# The Axiomatization of Physics?

1. Nov 27, 2011

### "pi"mp

So I have read that Hilbert and his student, Hermann Weyl both attempted to "axiomatize" physics. What exactly does this mean? I'm sort of naively assuming it means they should like to have a small set of axioms from which all of physics follows. Is that kind of the idea?

But isn't that sort of what physics is already? Like in classical mechanics, can't you make a leap of faith as to the relation between force and acceleration and everything follows very nicely?

Sorry if I'm way off base; just a curious undergrad...also does anyone know of any good books on this topic? or in regard to philosophy of math/physics in general?

2. Nov 27, 2011

### atyy

Perhaps he meant a complete axiomatization. In his day, they didn't have quantum mechanics, so many Newtonian forces like friction would just be "effective", not fundamental. Of course today, we believe that even the standard model of particle physics is effective (ie. wrong at high energies). And I'd be surprised if anyone can calculate friction from the standard model.

3. Nov 28, 2011

### Travis_King

They wanted to build a proof of physics based on "axioms" or self-evidentially true statements. By creating a physics which was bourne out of a priori arguments, it could be accepted universally as valid. Axiomatization rarely works for anything, though.

4. Nov 28, 2011

### A. Neumaier

The 1932 book by von Neumann may be considered the answer to Hilbert's quest. See http://en.wikipedia.org/wiki/Von_Neumann#Quantum_mechanics

5. Nov 28, 2011

### PatrickPowers

Right, the idea was to have a small set of axioms from which all physics follows.

However general relativity is not built this way. The definitions are circular, which axiomatics does not allow.

6. Nov 29, 2011

### A. Neumaier

It is easy to remove circularity from any set of postulates, just be rephrasing things properly.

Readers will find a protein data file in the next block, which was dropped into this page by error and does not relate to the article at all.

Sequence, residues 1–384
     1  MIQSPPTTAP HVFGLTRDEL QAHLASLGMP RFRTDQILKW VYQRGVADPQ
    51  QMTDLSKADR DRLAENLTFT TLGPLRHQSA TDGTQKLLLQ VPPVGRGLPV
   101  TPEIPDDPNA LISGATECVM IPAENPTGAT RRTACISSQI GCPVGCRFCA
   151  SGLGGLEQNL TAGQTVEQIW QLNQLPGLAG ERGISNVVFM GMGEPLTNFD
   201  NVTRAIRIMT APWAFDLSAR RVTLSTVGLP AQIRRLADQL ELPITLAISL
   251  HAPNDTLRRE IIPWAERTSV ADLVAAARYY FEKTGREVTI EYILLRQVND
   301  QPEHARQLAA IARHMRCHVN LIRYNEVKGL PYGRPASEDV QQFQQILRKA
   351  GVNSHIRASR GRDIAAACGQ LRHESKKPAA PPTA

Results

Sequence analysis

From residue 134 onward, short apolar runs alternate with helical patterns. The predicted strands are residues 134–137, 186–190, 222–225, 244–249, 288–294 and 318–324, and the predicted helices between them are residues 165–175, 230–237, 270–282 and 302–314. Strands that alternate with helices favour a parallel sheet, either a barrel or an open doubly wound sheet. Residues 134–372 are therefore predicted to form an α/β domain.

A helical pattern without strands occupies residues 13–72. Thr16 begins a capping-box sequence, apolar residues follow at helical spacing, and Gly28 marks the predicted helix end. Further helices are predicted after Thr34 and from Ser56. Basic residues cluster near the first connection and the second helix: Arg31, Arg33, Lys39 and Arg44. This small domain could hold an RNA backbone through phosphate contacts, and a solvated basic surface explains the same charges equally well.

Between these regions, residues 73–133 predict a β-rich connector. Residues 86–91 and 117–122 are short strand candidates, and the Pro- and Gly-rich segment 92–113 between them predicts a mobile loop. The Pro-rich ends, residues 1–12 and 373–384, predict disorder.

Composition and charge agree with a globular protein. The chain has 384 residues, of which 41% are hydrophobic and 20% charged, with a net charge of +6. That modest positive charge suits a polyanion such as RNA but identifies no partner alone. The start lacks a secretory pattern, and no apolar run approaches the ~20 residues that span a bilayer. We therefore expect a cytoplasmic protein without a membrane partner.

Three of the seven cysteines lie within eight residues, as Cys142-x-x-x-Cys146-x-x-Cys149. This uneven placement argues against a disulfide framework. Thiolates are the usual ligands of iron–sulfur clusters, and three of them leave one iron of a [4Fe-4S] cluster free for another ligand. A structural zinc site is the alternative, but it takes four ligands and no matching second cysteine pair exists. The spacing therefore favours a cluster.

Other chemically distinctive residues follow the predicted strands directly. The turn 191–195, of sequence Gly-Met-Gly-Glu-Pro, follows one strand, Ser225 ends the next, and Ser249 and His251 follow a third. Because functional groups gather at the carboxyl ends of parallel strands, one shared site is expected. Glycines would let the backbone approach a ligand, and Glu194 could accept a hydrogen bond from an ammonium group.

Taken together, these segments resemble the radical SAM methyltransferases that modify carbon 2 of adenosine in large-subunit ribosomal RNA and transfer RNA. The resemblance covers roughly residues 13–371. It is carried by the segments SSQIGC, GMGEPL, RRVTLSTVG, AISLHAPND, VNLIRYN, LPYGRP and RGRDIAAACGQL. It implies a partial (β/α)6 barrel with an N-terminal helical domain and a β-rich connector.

Otherwise, Euclid's axioms for elementary geometry (_the_ paradigm fior an axiom system) would have to be regarded as circular, too.

7. Dec 6, 2011

### andrebourbaki

Dear Student and Prof. Neumaier:

In my opiniion, and I am convinced this was Wigner's opinion too,
the Dirac--von Neumann axiomatisation of QM suffers from one (fatal) flaw that
means it is not 'Hilbertian'. Wigner called this 'The Problem of Quantum Duality'
and he did not mean wave-particle duality, which he believed was no big deal
and should not even have been called a duality. See his classic papers on
this reprinted in his collection *Symmetries and Reflections*. Wigner was
much influenced by Hilbert, and on this question of Quantum Measurement,
von Neumann learned from Wigner (they were good friends).

Briefly, this 'duality' is that different axioms can be applied to the
exact same physical situation and one gets different answers. This is a fatal
ambiguity or duality. This is the same flaw John Bell pointed to. See Bell's
classic articles reprinted in *Speakable and Unspeakable in Quantum Mechanics*
where he is always careful to distinguish his logical complaints from his
realism and intuition complaints.

I agree with Prof. Neumaier that Hilbert's problem would be
(essentially) solved if Dirac--von Neumann were acceptable, I think QFT
is derivable from QM in principle so introduces no foundational difficulties,
only the usual difficulties of finding practical working approximations that
will calculate answers. And I anticipate no problems unifying GenRel with
QM except that the lack of data means we are going to be unable to distinguish
which unification is correct....not an axiomatic problem.

Try googling on Wigner Quantum Duality to see what I mean.

Oddly enough, *I* am the problem of Wigner's friend since I am
a friend of (his son, David) Wigner and I am certainly a problem... jajajaja....